## R

Figure 7. Inter and intraparticle mass transfer of a single porous spherical bead of radius R. Substrate concentration profiles across the stagnant liquid film and inside the solid particle, S(r). Sf, concentration on the bulk liquid; Ssur, concentration on the solid surface; K, partition coefficient. Source: From Ref. 11.

ternal surface. This external mass transfer is usually modeled by means of a hypothetical liquid film that creates resistance to the transport, and it is characterized by the external mass transfer coefficient. The value of the coefficient, and thus of the external mass transfer velocity, depends on the physical properties of the liquid and the superficial velocity of the liquid around the solid; thus beds with more mixing will present better conditions for external mass transfer. When external mass transfer resistance is negligible, the concentration at the surface of the particle is the same as in the fluid phase (Sf = Ssur, according to Figure 7). An additional possibility is the occurrence of partitioning phenomena in the substrate, between the particles and the liquid, as a result of the material properties. In that case, the ratio between the substrate concentration at both sides of the solid-liquid interface will be given by the partition coefficient, K. Equally, partitioning phenomena can be determined for the product. Once in the solid particle, the substrate will diffuse inside the solid, following Fick's law, and simultaneously the reaction will take place. Therefore the corresponding equations of kinetic reaction and diffusion in the solid have to be solved simultaneously (10,11) in order to obtain the internal concentration profiles. To define this part correctly, the values for the intrinsic kinetic parameters of the reaction (that is, in absence of mass transfer limitations) and the effective dif-fusivities for the substrate and the product of the reaction in the solid have to be known. Moreover, the substrate conversion implies product generation, and this can affect the kinetics (for example, by product inhibition); usually the diffusion and reaction analysis is made simultaneously for both substrate and product. The overall activity of the bio-

catalytic particles will be dictated by the relative velocities of the two phenomena taking place inside them: reaction and diffusion. Systems with low diffusion rates with respect to the reaction rates will be diffusion controlled; on the other hand, systems with high diffusion rates with respect to the reaction rate will be controlled by the reaction. In the first case, the low diffusion will limit the efficiency of the particle because the reaction potential of the immobilized biocatalyst will not be fully used. Usually, this is reflected in terms of the efficiency factor, which is defined as the ratio between the actual reaction rate occurring in the system, and the reaction rate that would occur if no diffusional limitations existed, that is, when all solid particles would present a uniform concentration, equal to that of their surface. The relationship between the effectiveness factor and some moduli, such as the observable modulus, being proportional to the ratio between reaction and diffusion rates, is given in Figure 8. One of the interesting properties of such graphs is that they are very similar for different types of geometries and kinetics. Therefore they enable a direct analysis of the degree of diffusional limitations in a given type of particle in a fluidized bed and also suggest quantitative modifications to be performed to avoid such limitations, for example, changes in the particle size or diffusion conditions. In general terms, fluidized beds are interesting with regard to these aspects because since they require comparatively small-diameter particles for better fluidization, the potential diffusion limitations are reduced.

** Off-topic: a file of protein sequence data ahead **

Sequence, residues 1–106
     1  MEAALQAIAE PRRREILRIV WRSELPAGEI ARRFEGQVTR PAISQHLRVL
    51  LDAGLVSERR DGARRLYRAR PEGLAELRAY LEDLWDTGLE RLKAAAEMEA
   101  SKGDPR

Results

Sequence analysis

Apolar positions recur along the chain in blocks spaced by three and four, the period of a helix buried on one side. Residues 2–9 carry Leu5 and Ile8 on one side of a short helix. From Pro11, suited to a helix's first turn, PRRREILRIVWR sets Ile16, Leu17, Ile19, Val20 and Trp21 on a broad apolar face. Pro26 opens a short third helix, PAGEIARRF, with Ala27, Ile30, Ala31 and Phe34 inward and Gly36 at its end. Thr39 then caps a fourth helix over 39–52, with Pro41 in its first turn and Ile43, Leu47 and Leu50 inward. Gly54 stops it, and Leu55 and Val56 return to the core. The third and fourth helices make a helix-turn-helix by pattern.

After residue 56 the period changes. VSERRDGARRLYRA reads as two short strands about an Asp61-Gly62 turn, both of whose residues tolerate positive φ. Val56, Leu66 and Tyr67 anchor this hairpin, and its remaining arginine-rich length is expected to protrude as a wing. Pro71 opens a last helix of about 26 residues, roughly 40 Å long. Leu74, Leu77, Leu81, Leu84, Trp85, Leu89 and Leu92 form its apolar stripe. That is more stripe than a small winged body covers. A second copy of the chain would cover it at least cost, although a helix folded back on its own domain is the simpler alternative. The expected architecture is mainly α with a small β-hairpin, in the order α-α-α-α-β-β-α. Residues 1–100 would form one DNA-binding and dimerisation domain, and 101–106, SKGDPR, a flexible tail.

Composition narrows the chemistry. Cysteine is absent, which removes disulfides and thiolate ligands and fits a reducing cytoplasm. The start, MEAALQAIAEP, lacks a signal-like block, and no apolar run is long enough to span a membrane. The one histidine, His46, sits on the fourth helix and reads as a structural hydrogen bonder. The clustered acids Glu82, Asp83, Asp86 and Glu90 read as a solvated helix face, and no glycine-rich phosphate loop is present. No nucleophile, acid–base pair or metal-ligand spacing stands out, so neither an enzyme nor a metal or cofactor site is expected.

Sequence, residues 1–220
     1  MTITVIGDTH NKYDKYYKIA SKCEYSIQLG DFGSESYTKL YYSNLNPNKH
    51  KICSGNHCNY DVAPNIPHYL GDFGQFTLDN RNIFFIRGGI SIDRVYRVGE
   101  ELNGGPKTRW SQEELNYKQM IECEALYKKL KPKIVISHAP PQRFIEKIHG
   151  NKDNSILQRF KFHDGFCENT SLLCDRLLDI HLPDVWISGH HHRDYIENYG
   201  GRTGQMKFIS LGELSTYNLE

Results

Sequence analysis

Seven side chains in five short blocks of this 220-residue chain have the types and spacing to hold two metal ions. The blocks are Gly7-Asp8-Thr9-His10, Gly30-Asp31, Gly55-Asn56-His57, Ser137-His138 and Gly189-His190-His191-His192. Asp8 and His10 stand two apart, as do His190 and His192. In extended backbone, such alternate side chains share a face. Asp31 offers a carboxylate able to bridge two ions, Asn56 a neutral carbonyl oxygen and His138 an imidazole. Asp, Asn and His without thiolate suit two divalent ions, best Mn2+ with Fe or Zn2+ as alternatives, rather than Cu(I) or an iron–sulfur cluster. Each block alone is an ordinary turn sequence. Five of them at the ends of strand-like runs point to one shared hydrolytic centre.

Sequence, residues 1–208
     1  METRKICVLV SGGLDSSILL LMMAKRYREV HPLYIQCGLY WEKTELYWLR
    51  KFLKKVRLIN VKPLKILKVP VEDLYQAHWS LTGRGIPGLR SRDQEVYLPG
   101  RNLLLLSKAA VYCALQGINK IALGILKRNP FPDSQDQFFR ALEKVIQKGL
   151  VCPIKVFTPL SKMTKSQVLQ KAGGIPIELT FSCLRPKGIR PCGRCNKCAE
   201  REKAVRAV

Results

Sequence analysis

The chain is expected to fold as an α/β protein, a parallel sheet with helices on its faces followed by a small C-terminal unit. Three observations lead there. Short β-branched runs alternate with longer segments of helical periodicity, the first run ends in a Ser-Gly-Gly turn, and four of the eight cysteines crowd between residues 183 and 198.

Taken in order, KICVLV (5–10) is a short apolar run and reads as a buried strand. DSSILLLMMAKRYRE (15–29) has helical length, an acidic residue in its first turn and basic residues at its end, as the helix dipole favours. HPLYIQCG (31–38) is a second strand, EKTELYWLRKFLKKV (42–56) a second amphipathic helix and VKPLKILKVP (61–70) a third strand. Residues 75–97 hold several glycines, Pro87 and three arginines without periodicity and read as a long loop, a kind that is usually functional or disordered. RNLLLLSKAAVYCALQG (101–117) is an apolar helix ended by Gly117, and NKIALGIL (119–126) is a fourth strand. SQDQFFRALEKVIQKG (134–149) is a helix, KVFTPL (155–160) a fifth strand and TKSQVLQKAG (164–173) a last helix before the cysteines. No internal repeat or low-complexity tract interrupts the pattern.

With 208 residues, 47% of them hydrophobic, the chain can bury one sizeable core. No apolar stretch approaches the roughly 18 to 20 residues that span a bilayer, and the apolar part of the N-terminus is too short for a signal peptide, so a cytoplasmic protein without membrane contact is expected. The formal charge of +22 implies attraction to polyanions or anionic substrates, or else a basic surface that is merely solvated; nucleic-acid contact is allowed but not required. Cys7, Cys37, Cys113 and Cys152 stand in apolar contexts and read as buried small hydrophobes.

As mentioned at the beginning of this section, the combination of the different aspects we discussed allows the elaboration of mathematical models describing the behavior of fluidized-bed bioreactors. The reliability of these models depends greatly on the accuracy of the determination of the various parameters involved in the definition of the reactor and the reaction system (flux model, intrinsic kinetic parameters, external mass and heat transfer coefficients, internal effective diffusivities), and they will serve for various purposes such as conceptualization and understanding of the bioreactor itself (an important aspect required for building the model), design of similar bioreac-tors (especially in the case of scaling-up), simulation of the bioreactor operation at different conditions, and bioreactor control. As an example of how the output of a mathematical model can describe the internal concentration profiles in a fluidized-bed bioreactor, the data corresponding to a continuous fermenter for the production of ethanol from glucose by the bacteria Zymomonas mobilis immobilized in carrageenan beads (10) are given in Figure 9.